In both cases test cases are reusable. this feature will prove to be quite important when it comes to regression testing. What’s about the number of concepts and plans? How much test cases? The more the better – but don’t forget to relate them to the requirements!

Make testing visible

It is very important, that all your work as tester was documented and it is therefore traceable and billable. Not less important is it to report your work as a test manager to the project management.

Reporting the test status communicates the system quality. The detail level can be individual (per requirement, release, project, etc.) or group-related (team, release, project). The frequency should be adapted to the release and deployment plan. In the beginning test reports can be published daily or final. To ensure that the information would arrive the stakeholders it is important to choose the wright communication way (e-mail, dashboard, iMessage, etc.)

The test status can be classified first as “passed” or “failed”. In order to make a statement, the factor quantity must also be considered: total: 20 tests, passed: 15, failed: 5. The fails can be classified more specifically in terms of their impact level: critical, high, medium, low. If it would be a bad report, the presentation can be supplemented by test plan regarding current status and forecast.

The summary report should include defect/bug reports too, because it shows development needs and maybe new requirements (especially in agile framework). For visualization it is very important to clarify the message of the report. What do you mean by that? Corresponding to the answer the chart can be designed by Hichert principles (lean and clear, less colors)[5] to transport a technical information and turn out the impact. As diagram style stacked columns are often used. For group-related reports a pie chart can be a good choice.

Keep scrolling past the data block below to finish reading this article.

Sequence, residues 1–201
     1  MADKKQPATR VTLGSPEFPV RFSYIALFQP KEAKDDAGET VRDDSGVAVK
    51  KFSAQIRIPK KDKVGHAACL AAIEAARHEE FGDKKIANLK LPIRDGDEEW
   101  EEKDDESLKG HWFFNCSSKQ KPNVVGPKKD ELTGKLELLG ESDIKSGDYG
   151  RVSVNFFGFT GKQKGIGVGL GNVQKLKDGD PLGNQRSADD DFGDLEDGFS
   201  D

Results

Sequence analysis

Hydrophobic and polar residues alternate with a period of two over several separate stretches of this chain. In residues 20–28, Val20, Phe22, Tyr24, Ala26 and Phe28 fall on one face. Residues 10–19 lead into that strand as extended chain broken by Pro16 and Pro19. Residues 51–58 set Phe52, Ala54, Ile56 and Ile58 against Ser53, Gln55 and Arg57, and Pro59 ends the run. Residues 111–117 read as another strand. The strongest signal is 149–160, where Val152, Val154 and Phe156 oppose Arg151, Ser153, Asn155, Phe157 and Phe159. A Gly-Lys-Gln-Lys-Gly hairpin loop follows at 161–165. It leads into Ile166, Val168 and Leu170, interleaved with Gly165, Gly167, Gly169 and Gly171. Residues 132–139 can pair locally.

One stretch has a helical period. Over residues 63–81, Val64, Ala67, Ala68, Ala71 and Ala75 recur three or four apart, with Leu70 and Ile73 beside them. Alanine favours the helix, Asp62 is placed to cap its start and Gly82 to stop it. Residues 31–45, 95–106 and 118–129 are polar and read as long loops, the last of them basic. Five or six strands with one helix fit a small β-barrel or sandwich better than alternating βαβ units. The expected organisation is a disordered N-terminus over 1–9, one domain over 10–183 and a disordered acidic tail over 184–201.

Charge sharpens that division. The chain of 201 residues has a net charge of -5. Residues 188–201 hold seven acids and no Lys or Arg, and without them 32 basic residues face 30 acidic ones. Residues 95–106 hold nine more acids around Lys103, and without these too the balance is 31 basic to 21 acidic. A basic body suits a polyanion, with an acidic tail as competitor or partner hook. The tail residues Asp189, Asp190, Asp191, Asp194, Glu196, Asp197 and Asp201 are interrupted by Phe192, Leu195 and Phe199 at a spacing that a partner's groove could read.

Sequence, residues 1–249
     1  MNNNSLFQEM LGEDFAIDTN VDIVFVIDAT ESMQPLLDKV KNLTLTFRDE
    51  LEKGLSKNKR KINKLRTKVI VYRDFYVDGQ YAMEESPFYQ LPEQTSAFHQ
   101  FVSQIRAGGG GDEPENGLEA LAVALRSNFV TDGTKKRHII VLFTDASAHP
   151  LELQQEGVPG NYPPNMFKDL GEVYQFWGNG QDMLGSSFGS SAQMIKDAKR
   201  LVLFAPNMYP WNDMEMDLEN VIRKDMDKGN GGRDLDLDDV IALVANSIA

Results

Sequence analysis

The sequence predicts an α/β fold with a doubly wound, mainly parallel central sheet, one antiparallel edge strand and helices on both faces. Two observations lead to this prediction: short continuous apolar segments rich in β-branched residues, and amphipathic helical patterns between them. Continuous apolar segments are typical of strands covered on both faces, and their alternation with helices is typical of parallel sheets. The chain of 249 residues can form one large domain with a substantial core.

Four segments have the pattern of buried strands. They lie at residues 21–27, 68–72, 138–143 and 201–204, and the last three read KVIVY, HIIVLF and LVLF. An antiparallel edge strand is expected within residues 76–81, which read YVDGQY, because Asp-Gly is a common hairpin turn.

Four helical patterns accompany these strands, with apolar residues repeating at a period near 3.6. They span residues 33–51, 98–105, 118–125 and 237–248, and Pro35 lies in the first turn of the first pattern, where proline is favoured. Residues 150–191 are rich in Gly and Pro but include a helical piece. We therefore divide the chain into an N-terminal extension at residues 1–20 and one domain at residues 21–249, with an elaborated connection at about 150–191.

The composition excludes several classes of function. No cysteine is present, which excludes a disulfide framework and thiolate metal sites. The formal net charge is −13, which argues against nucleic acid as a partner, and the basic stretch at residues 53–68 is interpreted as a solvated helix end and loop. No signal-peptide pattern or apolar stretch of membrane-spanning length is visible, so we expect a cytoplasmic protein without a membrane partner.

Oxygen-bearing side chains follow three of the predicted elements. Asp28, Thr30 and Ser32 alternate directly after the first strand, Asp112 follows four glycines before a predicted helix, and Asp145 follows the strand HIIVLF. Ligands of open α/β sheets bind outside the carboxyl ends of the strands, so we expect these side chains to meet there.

However, the report looks like test the effect and reaction asking not involved people. They should tell you how they interpret the chart - if they understand the level of criticality.

Summary and conclusions

Testing - is human nature. We'd been doing it from the first second of brain activity. But what? 90% of test time is documentation? Where is the charm? Like in every part of the topic test management it turns out that no development is possible without documentation. Project member change, scope changes, there are so many influences - but paper is patient, and nothing is better than a snapshot to show evolution in software development.


Quellangaben:

[1] ISO = International Standardisation Organisation: Defines standards for quality management and quality insurance
[2] https://glossary.istqb.org/gb/search/reporting
[3] IEEE Standard Computer Dictionary: Der Grad, in dem ein/e System, Komponente oder Prozess die Kundenerwartungen & -bedürfnisse erfüllt.
[4] https://www.software-testing.academy/glossar.html : Der Grad, in dem ein Satz inhärenter Merkmale Anforderungen erfüllt.
[5] hi-chart.com

Jira Software is a registered trademark of Atlassian Corporation plc, SAP Solution Manager a registiered trademark of SAP SE. No endorsement by Atlassian or SAP is implied by the use of these marks.

Über den Autor
Helen Petrisca

Helen is an expert in the field of test management for software development and supports Woodmark since December 2018. With her great experience in classic and agile projects, Helen strengthen her attention for details.

Zurück